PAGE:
Senior management from those sites were soon on the phone to Denby to learn the tricks of the trade – and the award has bred a wider CI culture through the entire group, continues Base. “Our operations director came up with the idea that all the Deb plants should look to share their best ideas with each other. Everyone had been a bit guilty of working in their own silo; the idea was the branch out and share best practice.”

Harley is adamant that the team’s success at the Manufacturing Champions Awards has given them belief to develop even further. “We now have tangible proof that we are world-class at what we do,” he says. “People like being the best, so having it proven to them meant so much. To be able to say that an independent panel had judged them as the best manufacturing team in the country really vindicated all their hard work.”

Deb’s success hasn’t been achieved overnight. A five-year dedication to continuous improvement has transformed the site’s fortunes. The Waste Reduction Team may have been showcased for their efforts, but a CI mentality runs through the entire site. “People are key,” says Base. “They are the ones who join everything together. You can have all the machinery and systems in place, but without the people they’re useless. They are the ones who can give ideas and make improvements work.”

With entries now open for this year’s Manufacturing Champions awards (see below), Base is clear on the benefits of benchmarking your company against others. Deb were against companies including Coca-Cola and Weetabix in their category: something that, at first, he admits, worried them. “People saw those household names and automatically assumed we had no chance,” Base concludes. “However, if your story is good enough, you can win. Everyone should consider entering to pit themselves against the best.”

Want to follow in Deb’s footsteps?
Is there a team or individual on your site who can match the good work of the Waste Reduction Team? Then the Manufacturing Champions Awards are your chance to celebrate them. With nine categories to enter, from Rising Star to Health & Safety Champion, there is something for everyone. Also new this year is the UK Manufacturing Hero award, which will be nominated exclusively by Manufacturing Management’s editorial team to reward the site, team or individual who has made the biggest difference to UK industry this year. Entries for the 2018 awards are now open – turn the page to find out how you can get involved…

The 2018 Manufacturing Champions Awards categories:

Manufacturing Leader:
The site leader who is a figurehead for on-site excellence. A team player who inspires those around them to perform to the maximum, day in, day out.

Manufacturing Team: The group that has brought the most to a manufacturing site in the past 12 months, through impressive CI work, close collaboration with customers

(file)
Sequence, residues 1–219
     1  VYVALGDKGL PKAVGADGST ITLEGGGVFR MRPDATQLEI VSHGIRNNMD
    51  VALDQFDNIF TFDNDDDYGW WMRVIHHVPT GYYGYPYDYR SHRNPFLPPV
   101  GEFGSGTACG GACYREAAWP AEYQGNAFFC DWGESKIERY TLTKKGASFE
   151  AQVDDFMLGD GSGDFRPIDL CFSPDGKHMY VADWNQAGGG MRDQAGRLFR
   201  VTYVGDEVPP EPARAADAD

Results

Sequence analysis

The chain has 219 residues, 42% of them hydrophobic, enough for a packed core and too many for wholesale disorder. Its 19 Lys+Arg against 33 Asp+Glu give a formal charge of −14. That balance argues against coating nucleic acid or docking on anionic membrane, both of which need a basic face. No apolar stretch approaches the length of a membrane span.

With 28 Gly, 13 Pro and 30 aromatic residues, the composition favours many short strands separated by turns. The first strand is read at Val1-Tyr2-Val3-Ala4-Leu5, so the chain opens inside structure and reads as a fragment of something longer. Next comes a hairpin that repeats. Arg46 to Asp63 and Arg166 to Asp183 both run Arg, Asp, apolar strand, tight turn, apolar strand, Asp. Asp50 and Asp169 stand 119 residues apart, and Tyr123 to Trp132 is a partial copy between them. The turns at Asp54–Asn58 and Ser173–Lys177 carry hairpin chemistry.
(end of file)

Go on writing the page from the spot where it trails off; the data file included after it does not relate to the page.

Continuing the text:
or an improvement to internal operations.

Rising Star: One to watch for the future, the Rising Star is one who shows that age and experience are no barriers to success. Whether an apprentice delivering immediate success or a manager who is smashing KPIs, this is the category for you. NOTE: THIS CATEGORY IS OPEN TO UNDER 25s ONLY

Unsung Hero: The employee who goes above and beyond. Whether that involves coming in outside of a regular shift to get a job done or singlehandedly improving the performance of their department, we want to celebrate and recognise the go-getters.

Skills & Community Champion: The employee who recognises that manufacturing’s influence extends
beyond the four walls of the factory, and gets out into the local area to share their work and experience to a wider audience.

Employee Innovation: The team or individual whose bright idea has led to impressive on-site gains. Often the best ideas are the simplest ones, so we want to hear about any innovations that have boosted performance.

Health & Safety Champion: This award celebrates the safety-conscious amongst our manufacturing teams: the ones who embody the ‘safety at all costs’ ethos that is at the cornerstone of world-class standards.

Maintenance Award: The team or individual who seeks to make downtime a thing of the past. We want to hear about
a proactive approach to asset care that has brought tangible benefits across the site.

NEW FOR 2018 Energy & Environment Champion: The employee or team who has done their bit for the planet – whether investing in energy-saving measures or making the factory a haven for wildlife, this category has been designed to highlight their good work.

NEW FOR 2018 UK Manufacturing Hero: The site, team or individual who has made the biggest impact to the UK’s manufacturing industry in the past year. This is shortlisted and awarded by the Manufacturing Management editorial
team, based on their experiences from
time spent in the industry.